What is and isn’t a deductible business expense

For many business owners, tax season is a stressful time. There’s a delicate balance between making sure you receive all possible deductions to optimize your tax bill and going too far and misunderstanding what qualifies as deductible business expenses. Read on to learn how eligible business expenses can save you money when filing your tax return. 

What is a deduction?

A tax deduction is a subtraction from the taxes you have to pay. Businesses only pay taxes on net income, which is gross revenue minus eligible business expenses. For example, if your business brings in $100,000 during the year, but spends $40,000 to operate, only $60,000 of that income is taxed. 

Business expenses are generally tax deductible, as long as they are “ordinary and necessary.” This is the standard set by the IRS, which means that expenses which are common in your industry and needed to help your business prosper are eligible. Deductible business expenses directly relate to your operation, and exclude any personal or family expenses. 

What IS a deductible business expense?

There is a long list of eligible business expenses. Generally, money spent on something used to run a business is deductible. 

Home offices

Your home office, if used exclusively for work purposes, is tax deductible for both homeowners and renters. The IRS explains how to calculate deductions for a home office, either by measuring the office’s square feet and deducting $5 per square feet (up to $1,500), or calculating a percentage of mortgage interest or rent to deduct. These expenses may also include mortgage interest, real estate taxes,  insurance, utilities, repairs and depreciation.


Travel for business is a common deduction. Business travel costs like flights, trains, hotels and conference tickets can be subtracted from your gross revenue. You can also deduct mileage between offices, clients, meetings and work-related events. The standard deduction rate is 58.5 cents per mile in 2022, up from 56 cents per mile in 2021. Generally, you cannot claim mileage incurred while driving from your home to an office. An exception to this is if you have a home office, and an off-site office, in which case that is technically considered travel for business. 

Office supplies & expenses

Office supplies include the items you’d typically think of belonging in an office like printer toner, notebooks, pens and paper. It also includes some items not traditionally thought of as office supplies like toilet paper, beverages for an employee break room and janitorial cleaning supplies. 

Office expenses cover costs like utilities, rent, internet hosting fees, employee cell phone expenses and computers. 


The cost of hiring staff and contractors, running payroll and continuing education is tax deductible. Additionally, meals provided to employees or purchased during business travel are partially deductible, as you can claim up to 50% of a meal for business purposes. 


Standard operating costs are deductible business expenses, including advertising, marketing, web development, insurance costs, subscriptions, internet and phone bills, and interest on a business loan. You can also deduct the cost of using professional financial services, like a tax preparer or financial advisor.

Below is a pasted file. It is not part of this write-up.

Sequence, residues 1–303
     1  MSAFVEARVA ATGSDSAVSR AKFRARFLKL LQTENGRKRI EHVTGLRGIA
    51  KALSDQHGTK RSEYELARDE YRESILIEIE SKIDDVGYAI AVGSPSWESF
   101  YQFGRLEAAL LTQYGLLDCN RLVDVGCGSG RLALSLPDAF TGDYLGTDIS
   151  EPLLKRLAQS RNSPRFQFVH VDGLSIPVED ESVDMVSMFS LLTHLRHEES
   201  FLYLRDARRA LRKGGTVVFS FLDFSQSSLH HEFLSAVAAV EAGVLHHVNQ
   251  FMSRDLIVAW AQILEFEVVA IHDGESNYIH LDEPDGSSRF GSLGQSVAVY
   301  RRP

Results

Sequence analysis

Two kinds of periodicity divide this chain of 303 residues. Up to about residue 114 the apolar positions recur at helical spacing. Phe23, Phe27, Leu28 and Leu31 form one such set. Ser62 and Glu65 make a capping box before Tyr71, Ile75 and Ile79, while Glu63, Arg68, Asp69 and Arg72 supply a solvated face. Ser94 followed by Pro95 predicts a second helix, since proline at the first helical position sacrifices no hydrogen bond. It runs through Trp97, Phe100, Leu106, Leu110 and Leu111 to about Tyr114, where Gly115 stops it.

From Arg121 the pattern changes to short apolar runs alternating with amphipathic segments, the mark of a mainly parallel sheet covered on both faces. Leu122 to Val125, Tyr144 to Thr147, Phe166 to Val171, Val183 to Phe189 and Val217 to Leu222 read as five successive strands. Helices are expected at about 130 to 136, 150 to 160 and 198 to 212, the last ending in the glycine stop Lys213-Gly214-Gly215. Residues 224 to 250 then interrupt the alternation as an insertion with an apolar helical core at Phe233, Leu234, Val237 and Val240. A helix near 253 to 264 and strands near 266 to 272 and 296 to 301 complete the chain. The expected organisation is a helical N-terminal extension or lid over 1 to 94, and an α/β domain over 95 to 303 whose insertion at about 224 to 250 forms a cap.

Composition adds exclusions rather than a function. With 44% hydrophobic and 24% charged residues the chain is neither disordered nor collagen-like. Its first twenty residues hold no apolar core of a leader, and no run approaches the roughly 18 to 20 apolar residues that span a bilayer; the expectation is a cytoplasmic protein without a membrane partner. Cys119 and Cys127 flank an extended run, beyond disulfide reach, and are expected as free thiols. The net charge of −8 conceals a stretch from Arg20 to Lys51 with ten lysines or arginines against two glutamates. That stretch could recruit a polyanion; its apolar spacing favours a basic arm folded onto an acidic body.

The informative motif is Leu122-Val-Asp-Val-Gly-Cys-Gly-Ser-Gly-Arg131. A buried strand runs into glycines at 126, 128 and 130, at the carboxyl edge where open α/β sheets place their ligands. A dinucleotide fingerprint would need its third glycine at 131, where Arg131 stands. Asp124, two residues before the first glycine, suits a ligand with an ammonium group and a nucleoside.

Personal and business expenses

If you use a space or item for both work and personal use, you can typically deduct a percentage of that expense. For example, if you use your cell phone for work 10% of the time, you can deduct 10% of your cell phone bill. The same is true for utilities in a home office. 

What ISN’T a deductible business expense?

While most common business expenses are deductible, there are a few exceptions. Some examples include: 

Education that doesn’t relate directly to a necessary certification or degree in your field

  • Anything exclusively for personal or family use
  •  Mileage between your work and home 
  • Capital expenses/assets including start-up costs

Business expense vs. capital expense 

Capital expenses cannot be completely deducted from your taxes in the year they were acquired. Typically, any major acquisition that will last longer than one year (i.e. machinery) is considered an asset. They are deducted over a period of their predicted “useful life” by deducting the depreciation of a tangible asset (the devaluation of an asset over time), or an amortization of an intangible asset (a portion of the initial expense over a period of years). There are special rules for particular capital expenses. 

Get the Most Out of Tax Time

Taxes may be complicated, but they don’t have to be stressful for business owners. A professional service can help you navigate the deductions and exceptions relevant for your unique business situation.

If you want to maximize your deductions, meet with a professional and get personalized advice, contact Gift CPAs to learn more about our tax preparation and planning services. We have years of experience working with local businesses and individuals to help with bookkeeping, taxes and other business needs. Make an appointment to meet virtually or at one of our five locations in Harrisburg, Mechanicsburg, Myerstown, Ephrata or Lancaster!

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